March 12th, 2013
The Goulbourn Museum is holding an art contest to find talented young people to create a ‘Head-in-Hole’ painting for their site. The contest is open to students in Grades 9-12 who live or attend high school in the former Goulbourn Township (Stittsville, Richmond, Munster, Ashton). The theme of the artwork is Soldiers of the War of 1812.
Every student who enters and meets the basic submission requirements for the initial sketch will receive 10 volunteer hours. Artwork must be original and can be the work of one student or of teams to a maximum of five students. The artist(s) selected to transform their sketch into the final “Head-in-Hole” painting will receive an additional 30 volunteer hours plus a letter of reference, recognition in the Museum’s publications and the local newspaper, and an award of $100. The winner(s) will also be a VIP at the official unveiling of the painting at the Museum’s War of 1812 Tribute on June 16.
The deadline for submissions is April 12, 2013. All the materials needed to create the final painting will be provided by the Museum.
Click HERE for rules and entry forms.
Wondering what on earth is a ‘Head-in-Hole’ painting? Click on the examples below.
March 5th, 2013
This March Break the Goulbourn Museum is offering a one-of-a-kind camp experience for children aged 7-11. At Camp Curator kids will get their very own curator kits, don pint-sized lab coats and gloves and learn how to handle artefacts, create their own exhibits and even conduct an archeological dig.
This week long camp will include crafts, games, a behind-the-scenes tour of the artefact collection (did you know the Museum has over 8,000 artefacts?), and visits from special guests.
Camp Curator takes place March 11-15 from 1-4:30 p.m. Cost is $125 per child for the week and there are still spaces available. Snacks are included. For more information or to register, please call 613-831-2393 or email email@example.com
The Goulbourn Museum is located at 2064 Huntley Road, just south of Stittsville, at Stanley’s Corners. For more information, please visit the Museum’s website or check us out on Facebook.
March 2nd, 2013
Just starting as a new member of the Goulbourn Museum team in February, it was soon apparent that I might have more of a connection to the history of Goulbourn than an interest in becoming involved at the museum. While working in one of the collection storage rooms, on one of my first days at the museum, that I had an “aha” moment, and this is the story that unfurled.
Alexander and Mildred Graham were married on September 1, 1928. Soon after being married Alex and Mildred rented the lower level of a log home on Carp Road in Stittsville, from a man named John Junks. Their family soon grew and in this log home their first nine children were born, while baby number ten and eleven were born in their new home, after relocating to Stittsville Main Street in 1947.
Alexander worked on the railway in Stittsville as a section hand at the Canadian Pacific Railway (CPR) station. Stittsville had grown around this railway station, after the destruction of Old Stittsville by a great fire that ravaged Carleton County in 1870. The railway brought prosperity to the Goulbourn area, created opportunities for local business to flourish, and became a crucial means of transit between communities along the rail line. Alexander and his family witnessed the growth of the railway and height of its influence throughout the war years, but following the Second World War the decline of rail became apparent with an increasing preference towards the car as a means of travel. Alexander worked a total of 47 years with CPR, had seen the height of influence and decline of the railway, and in the 1960s saw the discontinuation of rail service to Stittsville, and the demolition of the CPR train station in 1969. The 1990s were the finale to railway history in Stittsville, with the last train travelling through the village on January 14, 1990.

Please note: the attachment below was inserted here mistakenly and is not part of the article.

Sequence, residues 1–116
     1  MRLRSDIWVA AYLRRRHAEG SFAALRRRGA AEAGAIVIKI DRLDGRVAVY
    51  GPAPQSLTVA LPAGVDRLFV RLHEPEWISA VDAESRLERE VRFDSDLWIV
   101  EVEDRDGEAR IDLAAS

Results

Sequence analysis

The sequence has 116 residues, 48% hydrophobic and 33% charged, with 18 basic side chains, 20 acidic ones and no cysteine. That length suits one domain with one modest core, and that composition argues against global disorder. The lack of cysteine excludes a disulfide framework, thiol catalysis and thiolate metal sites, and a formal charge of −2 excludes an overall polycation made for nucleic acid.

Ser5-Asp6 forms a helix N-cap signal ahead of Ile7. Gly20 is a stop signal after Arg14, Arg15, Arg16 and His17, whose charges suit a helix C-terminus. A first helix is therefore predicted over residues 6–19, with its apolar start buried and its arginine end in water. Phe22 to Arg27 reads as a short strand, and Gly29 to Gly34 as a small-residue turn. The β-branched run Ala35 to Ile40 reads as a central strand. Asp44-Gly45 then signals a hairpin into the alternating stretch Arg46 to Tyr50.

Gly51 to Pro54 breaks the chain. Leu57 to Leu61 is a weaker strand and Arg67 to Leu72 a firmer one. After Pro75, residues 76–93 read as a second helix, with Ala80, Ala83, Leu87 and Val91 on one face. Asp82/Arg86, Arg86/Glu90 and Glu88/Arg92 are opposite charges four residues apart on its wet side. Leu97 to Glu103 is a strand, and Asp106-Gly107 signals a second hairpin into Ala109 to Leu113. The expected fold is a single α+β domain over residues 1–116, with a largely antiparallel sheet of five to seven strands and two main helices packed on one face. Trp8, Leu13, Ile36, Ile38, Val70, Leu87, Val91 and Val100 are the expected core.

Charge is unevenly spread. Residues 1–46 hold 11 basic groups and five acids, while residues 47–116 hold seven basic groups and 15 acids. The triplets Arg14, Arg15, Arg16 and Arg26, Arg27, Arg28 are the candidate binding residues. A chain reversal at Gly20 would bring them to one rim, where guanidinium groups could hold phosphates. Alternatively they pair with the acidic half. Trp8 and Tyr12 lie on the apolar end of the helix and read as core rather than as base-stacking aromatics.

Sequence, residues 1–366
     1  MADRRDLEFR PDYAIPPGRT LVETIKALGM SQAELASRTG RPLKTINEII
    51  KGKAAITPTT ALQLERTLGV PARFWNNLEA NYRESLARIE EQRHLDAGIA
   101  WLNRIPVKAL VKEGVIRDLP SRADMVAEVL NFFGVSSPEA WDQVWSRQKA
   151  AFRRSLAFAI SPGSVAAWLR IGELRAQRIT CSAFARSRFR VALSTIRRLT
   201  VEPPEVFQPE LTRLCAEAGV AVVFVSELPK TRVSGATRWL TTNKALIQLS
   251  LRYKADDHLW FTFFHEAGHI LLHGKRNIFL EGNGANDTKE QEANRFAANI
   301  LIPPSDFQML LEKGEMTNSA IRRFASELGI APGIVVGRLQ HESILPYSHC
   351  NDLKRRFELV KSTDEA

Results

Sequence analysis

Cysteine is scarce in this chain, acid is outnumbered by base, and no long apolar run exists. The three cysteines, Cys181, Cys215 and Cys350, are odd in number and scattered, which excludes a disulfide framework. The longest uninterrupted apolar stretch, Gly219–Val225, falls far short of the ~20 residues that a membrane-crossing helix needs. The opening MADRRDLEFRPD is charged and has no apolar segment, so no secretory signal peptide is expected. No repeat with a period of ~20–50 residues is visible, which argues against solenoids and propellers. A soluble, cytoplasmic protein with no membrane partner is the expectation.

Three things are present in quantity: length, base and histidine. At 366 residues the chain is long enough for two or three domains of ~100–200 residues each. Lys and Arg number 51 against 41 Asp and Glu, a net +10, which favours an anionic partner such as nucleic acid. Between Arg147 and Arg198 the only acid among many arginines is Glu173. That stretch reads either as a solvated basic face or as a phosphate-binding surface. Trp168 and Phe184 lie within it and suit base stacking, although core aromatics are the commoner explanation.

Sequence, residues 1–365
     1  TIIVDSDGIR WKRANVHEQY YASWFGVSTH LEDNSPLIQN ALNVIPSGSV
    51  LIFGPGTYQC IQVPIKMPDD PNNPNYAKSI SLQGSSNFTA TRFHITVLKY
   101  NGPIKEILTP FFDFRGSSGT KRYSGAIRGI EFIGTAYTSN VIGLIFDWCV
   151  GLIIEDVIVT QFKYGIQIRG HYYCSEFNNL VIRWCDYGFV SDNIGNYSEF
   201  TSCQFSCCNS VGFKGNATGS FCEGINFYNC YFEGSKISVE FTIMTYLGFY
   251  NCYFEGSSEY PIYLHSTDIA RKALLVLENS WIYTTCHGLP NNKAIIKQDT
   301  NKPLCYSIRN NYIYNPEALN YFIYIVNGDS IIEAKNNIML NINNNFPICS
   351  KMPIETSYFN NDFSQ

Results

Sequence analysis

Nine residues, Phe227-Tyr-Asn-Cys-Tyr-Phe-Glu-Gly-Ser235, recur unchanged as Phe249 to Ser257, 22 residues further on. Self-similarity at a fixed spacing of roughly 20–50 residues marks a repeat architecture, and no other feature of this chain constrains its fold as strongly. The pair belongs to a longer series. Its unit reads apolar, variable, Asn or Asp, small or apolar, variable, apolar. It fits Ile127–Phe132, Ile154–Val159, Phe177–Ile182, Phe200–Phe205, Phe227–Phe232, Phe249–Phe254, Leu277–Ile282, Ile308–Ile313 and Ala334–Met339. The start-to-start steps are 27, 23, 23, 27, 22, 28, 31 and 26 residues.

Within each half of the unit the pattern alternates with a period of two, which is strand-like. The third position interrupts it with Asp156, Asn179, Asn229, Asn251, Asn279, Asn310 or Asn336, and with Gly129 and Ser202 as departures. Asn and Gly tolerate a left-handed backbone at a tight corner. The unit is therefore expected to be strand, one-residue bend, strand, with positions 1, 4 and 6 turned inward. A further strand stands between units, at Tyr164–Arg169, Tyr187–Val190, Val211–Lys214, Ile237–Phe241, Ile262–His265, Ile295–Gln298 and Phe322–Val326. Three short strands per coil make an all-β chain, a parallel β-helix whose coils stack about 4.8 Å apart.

|Mildred and Alex Graham celebrating their 40th Wedding Anniversary on September 1st, 1968
Back to present day and I am standing in the collection storage area at Goulbourn Museum; mounted on the wall is a hand crafted wooden sign with the word “Stittville” painted across its length. I had seen this spelling once before, in my grandparent`s house there was a framed image of a circa 1920 Stittsville CPR train station with “Stittville” prominently written across the roof tiles. My grandmother always told us that the extra “s” was a later addition to the village`s name. Below the wooden sign at the museum a label went on to explain, “Stittsville Rail Station Sign. This is the original Train Station sign… Alex Graham, CPR Section Hand for 47 years.”
|Stittsville Rail Station Sign – Goulbourn Museum
It was in that moment that a realization of the connection hit me… “Aha!” Alex Graham was my grandma`s father! This wooden sign had been something of significance in Alex`s life, a daily occurrence in the 47 years he spent with the Canadian Pacific Railway. Saved from the demolition of the station, the sign now resides within the collection of Goulbourn Museum to preserve the memory of the station, and promote the importance of the railway in Goulbourn Township. What a surprise that my great-grandpa Graham played some role in making this history happen!